New Delhi, Oct 1: India, as per official claims and proclamations, is all set to become open defecation free (ODF) on October 2, 2019, a day that marks the 150th birth anniversary of Mahatma Gandhi. In the past four years, India has built 100 million toilets in about 0.6 million villages, and another 6.3 million in its cities.
By all accounts, it is an incredible feat. As per a 2019 report of the Joint Monitoring Programme (JMP) for water supply and sanitation, of Unicef and the World Health Organization (WHO), between 2000 and 2014, open defecation decreased by some 3 percentage points a year, while between 2015 and 2019 it reduced at over 12 percentage points a year.
According to government estimates, by February 2019, over 93 per cent of the country’s rural households had access to toilets; over 96 per cent of them also used the toilets, suggesting an important change in behaviour. Ninety-nine per cent of the toilets were found to be well maintained, hygienic and in 100 per cent of these toilets, excreta was “safely” disposed.
Says Sunita Narain, director general, Centre for Science and Environment (CSE): “Till barely five years ago, India was home to 60 per cent of the world’s people who defecated in the open – if the nation now achieves ODF status, it means a huge leap forward not only for it, but for the world as a whole. It will take the world a long way on its sustainable development goal of universal coverage to toilets and safe disposal of excreta.”
“However, the scale of this transition is so massive that it will mean new, bigger challenges,” Narain adds. “Will the extraordinary success of the Swachh Bharat Mission (SBM) stand the test of time? How will the over 100 million toilets be maintained and kept functional? Will people continue to use them? Will the millions of tonnes of waste generated by these toilets be managed and disposed of efficiently, without polluting the environment? How will we make this success sustainable, make it last?”
CSE researchers point out that even if toilets have been built and are being used, the trend can reverse. A case in point is Haryana, which had declared itself ODF in 2017 – a recent investigation by Down To Earth magazine reveals people are slipping back to the old habit of open defecation.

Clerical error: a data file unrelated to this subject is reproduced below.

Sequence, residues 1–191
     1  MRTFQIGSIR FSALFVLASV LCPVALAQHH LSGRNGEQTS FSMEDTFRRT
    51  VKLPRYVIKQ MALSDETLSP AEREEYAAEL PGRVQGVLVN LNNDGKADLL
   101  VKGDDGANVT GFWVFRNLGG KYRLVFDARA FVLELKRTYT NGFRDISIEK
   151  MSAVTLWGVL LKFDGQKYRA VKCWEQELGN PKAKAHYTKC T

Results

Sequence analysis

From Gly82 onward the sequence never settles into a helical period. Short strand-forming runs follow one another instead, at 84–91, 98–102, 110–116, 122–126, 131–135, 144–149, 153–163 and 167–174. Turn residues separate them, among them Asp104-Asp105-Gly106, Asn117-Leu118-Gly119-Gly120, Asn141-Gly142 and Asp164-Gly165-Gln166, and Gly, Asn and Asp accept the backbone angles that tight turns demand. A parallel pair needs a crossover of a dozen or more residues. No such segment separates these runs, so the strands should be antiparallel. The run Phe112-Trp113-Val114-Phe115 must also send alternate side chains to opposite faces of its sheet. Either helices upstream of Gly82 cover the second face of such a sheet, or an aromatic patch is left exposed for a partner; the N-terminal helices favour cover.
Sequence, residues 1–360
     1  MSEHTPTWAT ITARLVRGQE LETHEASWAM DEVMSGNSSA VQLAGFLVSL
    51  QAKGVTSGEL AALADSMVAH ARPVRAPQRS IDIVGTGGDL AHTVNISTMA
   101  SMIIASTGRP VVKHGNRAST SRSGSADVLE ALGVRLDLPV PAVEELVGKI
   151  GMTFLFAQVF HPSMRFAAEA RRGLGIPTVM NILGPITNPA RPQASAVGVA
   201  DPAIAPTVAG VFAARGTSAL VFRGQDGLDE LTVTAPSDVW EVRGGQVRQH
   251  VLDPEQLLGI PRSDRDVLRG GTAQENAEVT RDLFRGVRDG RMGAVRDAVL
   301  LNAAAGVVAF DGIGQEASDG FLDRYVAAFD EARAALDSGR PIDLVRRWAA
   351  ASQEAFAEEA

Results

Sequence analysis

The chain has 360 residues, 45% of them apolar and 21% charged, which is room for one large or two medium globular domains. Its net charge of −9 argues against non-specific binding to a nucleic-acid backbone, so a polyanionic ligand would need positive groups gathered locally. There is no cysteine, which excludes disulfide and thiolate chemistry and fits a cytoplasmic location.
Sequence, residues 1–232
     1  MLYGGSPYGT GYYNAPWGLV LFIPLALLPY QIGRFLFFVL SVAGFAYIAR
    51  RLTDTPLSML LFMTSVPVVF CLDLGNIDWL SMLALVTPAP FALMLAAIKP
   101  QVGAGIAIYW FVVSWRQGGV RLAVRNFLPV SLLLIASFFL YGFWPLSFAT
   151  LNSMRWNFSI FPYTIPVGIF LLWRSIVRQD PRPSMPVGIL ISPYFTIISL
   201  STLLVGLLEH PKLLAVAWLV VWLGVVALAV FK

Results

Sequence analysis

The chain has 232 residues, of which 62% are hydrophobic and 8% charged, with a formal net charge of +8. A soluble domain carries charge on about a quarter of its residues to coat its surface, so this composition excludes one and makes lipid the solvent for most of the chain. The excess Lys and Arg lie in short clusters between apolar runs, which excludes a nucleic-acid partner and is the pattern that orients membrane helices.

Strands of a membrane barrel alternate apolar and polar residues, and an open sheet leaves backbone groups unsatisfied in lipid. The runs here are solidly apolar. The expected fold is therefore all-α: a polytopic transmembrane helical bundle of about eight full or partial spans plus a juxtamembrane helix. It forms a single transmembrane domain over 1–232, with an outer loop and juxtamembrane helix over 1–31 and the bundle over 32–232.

There is also the question of ‘safe’ disposal of the waste generated by these toilets. According to the National Annual Rural Sanitation Survey (NARSS) 2018-19, the nationwide survey undertaken by the government to establish SBM’s success, disposal is “safe” if the toilet is connected to a septic tank with a soak pit, single or double leach pit, or to a drain. “This is an inadequate and erroneous definition of ‘safe’, says Narain.
She points out that these are only systems for containment of the excreta, not its disposal. According to the Survey, roughly 34 per cent toilets are septic tanks with a soak pit; another 30 per cent are double leach pits, and another 20 per cent are single pits. NARSS assumes that these toilets will safely decompose the excreta in-situ.
But this will depend completely on the quality of the construction of the toilets – CSE researchers say that this is the crux of the problem. If the septic tanks or double leach pit toilets are constructed well, then the excreta will be safely decomposed and when removed, will be safe for reuse on land.
But CSE’s ground surveys in peri-urban India have found that the quality of septic tanks is poor; waste is unsafely disposed of by tankers on the land and in open drains, or worse, in waterbodies.
Says Narain: “The question that we need to ask ourselves is will this lead to another, far bigger challenge, when the pits are emptied and not-yet-decomposed waste is dumped into waterbodies or in the fields? The resultant soil and water contamination can be catastrophic for public health.”